The report is based on interviews and focus group discussions with survivors of violence and women’s rights activists as well as both traditional and government mediators. It is also informed by 237 cases of violence against women reported to EVAW institutions in 22 provinces monitored by UNAMA between 2015 and 2017 and 280 more cases of murder and “honour killings” documented throughout 2016 and 2017 by the UN mission. (1)
The legal framework: 2009 EVAW law and 2018 penal code
The EVAW law adopted in 2009 is a progressive law within the Afghan context. In addition to a broad approach to the issue of violence against women, including their harassment, the law also addresses forced and early marriage as well as polygamy for the first time in Afghan legal history (see this AAN analysis here).
However, the law has faced tough resistance from conservative circles, including in parliament, from the beginning. As a result, it was adopted by presidential decree, bypassing parliament. In 2013, MP Fawzia Kufi, the Wolesi Jirga’s (lower house) chairwoman of the Women’s Rights Commission, advocated pushing the presidential decree through parliament to make the EVAW law permanent. But she did so against the advice of other women’s rights activists, thereby risking a no-vote by the conservative majority. This was stopped by procedural tricks and as a result, the issue has still not been voted on by the lower house (see AAN dispatches here and here).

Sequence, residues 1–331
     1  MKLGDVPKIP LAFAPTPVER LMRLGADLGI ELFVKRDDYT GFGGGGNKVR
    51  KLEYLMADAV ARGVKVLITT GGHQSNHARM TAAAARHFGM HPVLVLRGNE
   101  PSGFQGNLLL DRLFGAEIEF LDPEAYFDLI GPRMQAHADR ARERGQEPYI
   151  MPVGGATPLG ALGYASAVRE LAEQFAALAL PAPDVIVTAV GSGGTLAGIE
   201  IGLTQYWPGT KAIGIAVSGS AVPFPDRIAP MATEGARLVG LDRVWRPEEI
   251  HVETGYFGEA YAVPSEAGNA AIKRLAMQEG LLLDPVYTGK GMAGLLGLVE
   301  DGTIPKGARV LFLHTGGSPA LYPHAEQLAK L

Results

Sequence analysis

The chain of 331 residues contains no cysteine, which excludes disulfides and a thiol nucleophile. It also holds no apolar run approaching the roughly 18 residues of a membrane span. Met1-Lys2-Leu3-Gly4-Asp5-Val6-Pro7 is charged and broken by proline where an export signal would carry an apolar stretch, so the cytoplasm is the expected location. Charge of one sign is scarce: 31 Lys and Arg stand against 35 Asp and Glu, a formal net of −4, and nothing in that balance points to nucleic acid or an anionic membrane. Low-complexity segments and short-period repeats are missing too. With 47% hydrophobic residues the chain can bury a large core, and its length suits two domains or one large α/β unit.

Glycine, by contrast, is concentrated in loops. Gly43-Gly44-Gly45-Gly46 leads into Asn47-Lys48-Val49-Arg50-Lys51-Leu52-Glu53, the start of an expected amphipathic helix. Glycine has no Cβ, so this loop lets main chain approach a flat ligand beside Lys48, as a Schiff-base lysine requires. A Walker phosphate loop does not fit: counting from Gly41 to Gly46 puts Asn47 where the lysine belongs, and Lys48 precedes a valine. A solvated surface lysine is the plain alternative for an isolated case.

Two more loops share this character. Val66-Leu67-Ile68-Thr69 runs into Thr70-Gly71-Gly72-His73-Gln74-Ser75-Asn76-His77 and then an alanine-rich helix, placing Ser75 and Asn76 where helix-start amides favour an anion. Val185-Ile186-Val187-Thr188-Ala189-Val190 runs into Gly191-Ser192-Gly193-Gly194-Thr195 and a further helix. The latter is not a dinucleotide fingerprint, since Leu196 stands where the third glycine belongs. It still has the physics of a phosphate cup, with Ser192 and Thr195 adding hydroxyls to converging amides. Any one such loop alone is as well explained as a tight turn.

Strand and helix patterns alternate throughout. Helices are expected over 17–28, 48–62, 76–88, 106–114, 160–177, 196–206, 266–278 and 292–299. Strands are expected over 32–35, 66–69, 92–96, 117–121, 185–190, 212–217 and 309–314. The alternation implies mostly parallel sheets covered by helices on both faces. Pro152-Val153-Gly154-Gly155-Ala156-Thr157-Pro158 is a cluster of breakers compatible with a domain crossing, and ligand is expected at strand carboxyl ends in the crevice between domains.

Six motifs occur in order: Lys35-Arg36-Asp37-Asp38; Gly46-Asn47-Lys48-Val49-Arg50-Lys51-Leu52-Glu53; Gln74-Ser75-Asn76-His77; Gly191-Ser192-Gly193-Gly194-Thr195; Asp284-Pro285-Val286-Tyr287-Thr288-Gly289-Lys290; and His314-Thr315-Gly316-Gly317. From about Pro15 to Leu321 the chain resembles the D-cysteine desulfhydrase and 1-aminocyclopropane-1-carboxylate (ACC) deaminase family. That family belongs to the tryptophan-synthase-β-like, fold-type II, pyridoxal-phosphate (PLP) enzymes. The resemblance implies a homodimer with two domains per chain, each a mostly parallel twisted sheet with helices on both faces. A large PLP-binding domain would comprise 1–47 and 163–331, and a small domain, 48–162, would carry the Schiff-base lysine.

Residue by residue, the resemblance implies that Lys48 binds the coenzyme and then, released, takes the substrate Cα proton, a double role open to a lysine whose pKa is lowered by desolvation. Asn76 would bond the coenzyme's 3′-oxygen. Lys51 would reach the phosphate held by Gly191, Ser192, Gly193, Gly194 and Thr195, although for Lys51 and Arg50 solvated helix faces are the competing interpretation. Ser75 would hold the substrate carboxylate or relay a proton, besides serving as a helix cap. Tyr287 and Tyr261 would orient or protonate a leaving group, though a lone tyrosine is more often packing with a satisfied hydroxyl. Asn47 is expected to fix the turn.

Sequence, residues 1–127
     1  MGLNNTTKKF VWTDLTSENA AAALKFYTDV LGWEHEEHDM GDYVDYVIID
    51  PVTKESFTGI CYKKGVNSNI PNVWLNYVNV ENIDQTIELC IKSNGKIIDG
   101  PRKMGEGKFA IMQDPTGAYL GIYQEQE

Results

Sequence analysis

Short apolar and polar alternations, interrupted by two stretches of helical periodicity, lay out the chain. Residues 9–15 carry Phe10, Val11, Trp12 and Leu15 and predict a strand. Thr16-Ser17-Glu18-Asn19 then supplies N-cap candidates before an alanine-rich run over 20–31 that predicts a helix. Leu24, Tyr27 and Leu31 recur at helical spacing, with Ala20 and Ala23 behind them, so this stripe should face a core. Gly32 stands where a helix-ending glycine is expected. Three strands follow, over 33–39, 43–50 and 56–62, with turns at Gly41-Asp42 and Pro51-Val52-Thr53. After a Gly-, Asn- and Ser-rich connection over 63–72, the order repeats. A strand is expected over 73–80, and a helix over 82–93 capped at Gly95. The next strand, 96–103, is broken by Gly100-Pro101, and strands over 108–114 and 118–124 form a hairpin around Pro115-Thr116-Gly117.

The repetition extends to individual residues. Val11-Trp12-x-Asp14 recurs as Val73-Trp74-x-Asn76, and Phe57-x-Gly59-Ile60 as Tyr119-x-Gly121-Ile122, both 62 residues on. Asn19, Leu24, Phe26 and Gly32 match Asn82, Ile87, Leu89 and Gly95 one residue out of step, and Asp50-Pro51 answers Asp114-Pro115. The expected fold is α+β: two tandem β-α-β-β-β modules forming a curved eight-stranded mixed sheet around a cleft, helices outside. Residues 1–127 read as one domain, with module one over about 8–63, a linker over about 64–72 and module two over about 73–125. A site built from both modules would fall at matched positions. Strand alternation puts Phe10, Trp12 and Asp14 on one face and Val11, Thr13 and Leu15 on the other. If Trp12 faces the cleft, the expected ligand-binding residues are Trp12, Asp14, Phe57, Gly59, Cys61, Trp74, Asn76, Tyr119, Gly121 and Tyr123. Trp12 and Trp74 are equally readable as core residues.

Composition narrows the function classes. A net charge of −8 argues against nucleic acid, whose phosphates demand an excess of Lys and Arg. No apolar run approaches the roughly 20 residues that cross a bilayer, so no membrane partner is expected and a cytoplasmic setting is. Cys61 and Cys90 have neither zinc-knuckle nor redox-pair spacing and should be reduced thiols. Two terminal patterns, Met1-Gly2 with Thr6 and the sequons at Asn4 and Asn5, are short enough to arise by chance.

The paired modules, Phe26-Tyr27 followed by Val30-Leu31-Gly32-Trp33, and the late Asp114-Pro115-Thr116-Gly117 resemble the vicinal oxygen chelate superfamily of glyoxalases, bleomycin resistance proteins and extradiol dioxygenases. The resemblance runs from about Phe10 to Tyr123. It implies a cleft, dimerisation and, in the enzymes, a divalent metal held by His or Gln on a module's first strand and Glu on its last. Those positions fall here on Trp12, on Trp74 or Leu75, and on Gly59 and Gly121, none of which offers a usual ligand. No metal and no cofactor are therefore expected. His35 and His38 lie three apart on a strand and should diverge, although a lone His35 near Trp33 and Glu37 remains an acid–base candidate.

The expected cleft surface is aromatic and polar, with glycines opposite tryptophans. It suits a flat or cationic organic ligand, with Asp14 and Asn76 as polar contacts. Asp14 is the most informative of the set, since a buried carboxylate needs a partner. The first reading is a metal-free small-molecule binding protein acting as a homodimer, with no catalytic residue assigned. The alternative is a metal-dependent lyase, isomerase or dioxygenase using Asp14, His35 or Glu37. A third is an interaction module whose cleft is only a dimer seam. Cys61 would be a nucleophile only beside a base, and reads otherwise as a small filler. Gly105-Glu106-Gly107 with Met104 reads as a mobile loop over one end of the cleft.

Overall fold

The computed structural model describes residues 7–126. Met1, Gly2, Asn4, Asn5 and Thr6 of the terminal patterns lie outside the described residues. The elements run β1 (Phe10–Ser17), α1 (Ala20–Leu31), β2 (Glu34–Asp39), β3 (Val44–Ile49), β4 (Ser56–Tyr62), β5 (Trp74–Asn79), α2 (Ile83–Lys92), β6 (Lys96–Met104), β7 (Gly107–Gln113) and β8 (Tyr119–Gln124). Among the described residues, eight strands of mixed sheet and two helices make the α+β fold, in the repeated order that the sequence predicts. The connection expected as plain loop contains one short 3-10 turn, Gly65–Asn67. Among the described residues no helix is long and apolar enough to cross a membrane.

The new penal code adopted in 2018 also required a later amendment by presidential decree to make EVAW law crimes enforceable. Its draft had originally included a specific chapter on the elimination of violence against women, which, according to the UNAMA report, incorporated provisions to criminalise the majority of the 22 acts set out in Article 5 of the EVAW law. It had also included new provisions prohibiting both the detention of women on charges of “running away” and the practice of “exchange marriage,” or baad(when feuding families or clans exchange brides in the settlement of disputes). However, the final adopted version of the 2018 penal code did not include any reference to criminal offences of violence against women (with the exception of rape). The amendment was issued in a presidential decree (number 262) on 3 March 2018, which criminalised all five serious offences mentioned in the EVAW law.